In a letter to readers yesterday, she promises the new owners will hew to the 70-year-old Voice-Tribune’s tried-and-true strategy of party photos, party photos, and more party photos. Plus, Abeln vows to continue employing “the same captivating columnists.”
This is huge for Boulevard’s society news department because we really, truly love that boldest of boldface names: Partyline columnist Carla Sue Broecker, who after two decades on the soirée beat surely knows where all the bodies are buried in Anchorage, Glenview and Prospect.
Abeln, it turns out, has had her nose pressed against the VT’s leaded-glass windows a long time. “I have always looked to The Voice-Tribune as the standard of excellence to which I hoped to live up [to],” she says.
Confidential to Tonya: Please arrange for a more suitable photo of Carla Sue tout de suite; the one online, at least, is starting to look like an early Jackson Pollock.
The Boulevard 400™
We took a page from Caroline Webster Schermerhorn Astor‘s social diary to create our own roster of Louisville movers, shakers, and money-makers. Everyone gets a score: the number of times their name appears in boldface here on Boulevard. Our “400” list already includes Carla Sue, Tonya, and 167 others. Are you on it?
Big smiles, big personalities and big business networking — yes, it’s everyone’s favorite feature in the society shiny sheets: party photos! Boulevard picks through the pics, choosing our favorite coverage. Today’s entry is from Nfocus Louisville.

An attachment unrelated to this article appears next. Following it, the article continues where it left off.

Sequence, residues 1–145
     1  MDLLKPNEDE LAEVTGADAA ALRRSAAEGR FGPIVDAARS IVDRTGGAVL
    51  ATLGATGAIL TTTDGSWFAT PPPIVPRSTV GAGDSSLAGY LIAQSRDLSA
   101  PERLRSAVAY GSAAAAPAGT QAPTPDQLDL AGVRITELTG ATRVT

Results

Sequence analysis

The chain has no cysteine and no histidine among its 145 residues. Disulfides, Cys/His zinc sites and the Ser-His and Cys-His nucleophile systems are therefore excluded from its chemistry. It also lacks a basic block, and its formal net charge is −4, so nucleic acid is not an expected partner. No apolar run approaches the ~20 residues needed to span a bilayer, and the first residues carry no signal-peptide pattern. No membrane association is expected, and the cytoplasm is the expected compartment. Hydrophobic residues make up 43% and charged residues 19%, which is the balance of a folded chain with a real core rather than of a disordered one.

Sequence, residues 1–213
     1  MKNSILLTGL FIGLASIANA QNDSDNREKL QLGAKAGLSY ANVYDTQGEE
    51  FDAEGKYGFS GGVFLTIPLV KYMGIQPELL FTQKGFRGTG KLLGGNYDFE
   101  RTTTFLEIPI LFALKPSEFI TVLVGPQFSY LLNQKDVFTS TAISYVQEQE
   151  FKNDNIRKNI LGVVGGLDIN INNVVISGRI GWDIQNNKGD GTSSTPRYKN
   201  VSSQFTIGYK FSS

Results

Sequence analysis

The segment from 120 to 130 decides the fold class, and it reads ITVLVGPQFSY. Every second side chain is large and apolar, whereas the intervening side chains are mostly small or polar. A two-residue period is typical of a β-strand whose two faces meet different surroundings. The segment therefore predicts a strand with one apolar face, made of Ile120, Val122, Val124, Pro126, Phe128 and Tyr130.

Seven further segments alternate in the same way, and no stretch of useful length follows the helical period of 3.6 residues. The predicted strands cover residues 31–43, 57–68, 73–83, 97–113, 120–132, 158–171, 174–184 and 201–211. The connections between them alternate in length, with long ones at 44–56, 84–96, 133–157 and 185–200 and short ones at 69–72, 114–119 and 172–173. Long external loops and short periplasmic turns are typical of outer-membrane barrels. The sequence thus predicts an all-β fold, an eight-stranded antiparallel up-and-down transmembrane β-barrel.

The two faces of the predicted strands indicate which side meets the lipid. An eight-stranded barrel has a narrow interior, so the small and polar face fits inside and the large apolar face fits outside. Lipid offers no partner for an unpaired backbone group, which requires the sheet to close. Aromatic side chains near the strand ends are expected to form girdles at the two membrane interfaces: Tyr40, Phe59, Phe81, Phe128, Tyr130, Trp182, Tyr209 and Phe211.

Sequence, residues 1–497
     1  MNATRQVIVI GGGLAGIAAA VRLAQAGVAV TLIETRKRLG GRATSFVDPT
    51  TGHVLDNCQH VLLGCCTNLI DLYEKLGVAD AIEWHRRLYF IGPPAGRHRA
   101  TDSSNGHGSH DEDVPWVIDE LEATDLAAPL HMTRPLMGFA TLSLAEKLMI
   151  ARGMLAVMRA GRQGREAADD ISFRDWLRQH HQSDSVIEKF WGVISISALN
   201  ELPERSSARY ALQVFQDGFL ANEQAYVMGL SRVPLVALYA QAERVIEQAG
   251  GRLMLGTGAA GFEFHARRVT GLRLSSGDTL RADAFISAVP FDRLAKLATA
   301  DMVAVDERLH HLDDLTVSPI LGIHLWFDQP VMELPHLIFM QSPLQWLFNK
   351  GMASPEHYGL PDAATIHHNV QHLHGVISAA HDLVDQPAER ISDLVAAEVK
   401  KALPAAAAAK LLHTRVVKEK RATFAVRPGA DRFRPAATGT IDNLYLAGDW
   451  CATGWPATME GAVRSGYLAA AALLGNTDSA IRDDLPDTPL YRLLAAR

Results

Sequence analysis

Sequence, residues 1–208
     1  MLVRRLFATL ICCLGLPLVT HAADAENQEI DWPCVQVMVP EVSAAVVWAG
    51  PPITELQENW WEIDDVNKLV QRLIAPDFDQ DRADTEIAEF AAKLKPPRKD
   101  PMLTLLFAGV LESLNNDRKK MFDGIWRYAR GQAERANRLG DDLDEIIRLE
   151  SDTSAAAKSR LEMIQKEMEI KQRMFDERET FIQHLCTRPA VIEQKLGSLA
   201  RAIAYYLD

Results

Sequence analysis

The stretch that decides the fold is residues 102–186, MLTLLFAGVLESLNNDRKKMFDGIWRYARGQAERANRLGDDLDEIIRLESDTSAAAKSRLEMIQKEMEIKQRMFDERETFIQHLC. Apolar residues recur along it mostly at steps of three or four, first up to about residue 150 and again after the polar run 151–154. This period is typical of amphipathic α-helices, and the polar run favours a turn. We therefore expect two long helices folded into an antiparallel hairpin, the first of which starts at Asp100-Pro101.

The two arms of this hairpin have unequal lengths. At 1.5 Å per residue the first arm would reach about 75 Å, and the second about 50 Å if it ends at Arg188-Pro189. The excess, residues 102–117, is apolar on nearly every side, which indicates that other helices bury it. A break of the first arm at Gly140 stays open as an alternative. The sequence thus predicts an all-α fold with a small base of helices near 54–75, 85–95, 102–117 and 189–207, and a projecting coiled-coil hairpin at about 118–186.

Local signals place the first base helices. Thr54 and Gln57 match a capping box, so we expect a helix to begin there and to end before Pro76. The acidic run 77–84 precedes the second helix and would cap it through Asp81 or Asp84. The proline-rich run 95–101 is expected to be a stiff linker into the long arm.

Long Run Hounds Hunt Ball
“The invitation,” Tonya Abeln writes, “eloquently stated the dress code as ‘White or Black Tie — Scarlet, if convenient,’ and for most of the members, their scarlet riding frock, designed as a bright form of identification as well as to denote a seasoned Hunt member, was the perfect dapper ensemble.”
In other words, picture “Downton Abbey’s” HonorableEvelyn Napier, looking askance in the photo, above right.
Annette Adams chaired the party at the Pendennis Club, where a silent auction was all about some serious and even mysterious paraphernalia: vintage English lapel pins, hunt bridle (?) and breastplate (?!).
Lest readers blanch at the thought of tearing a fox to pieces, not to mention the traditional “blooding” procedure, Nfocus urged calm: “Foxhunting could more accurately be called fox chasing, as LRH is one of many ‘no-kill’ hunt clubs, indulging in the sport purely for the enjoyment of the outdoors with their four legged friends.”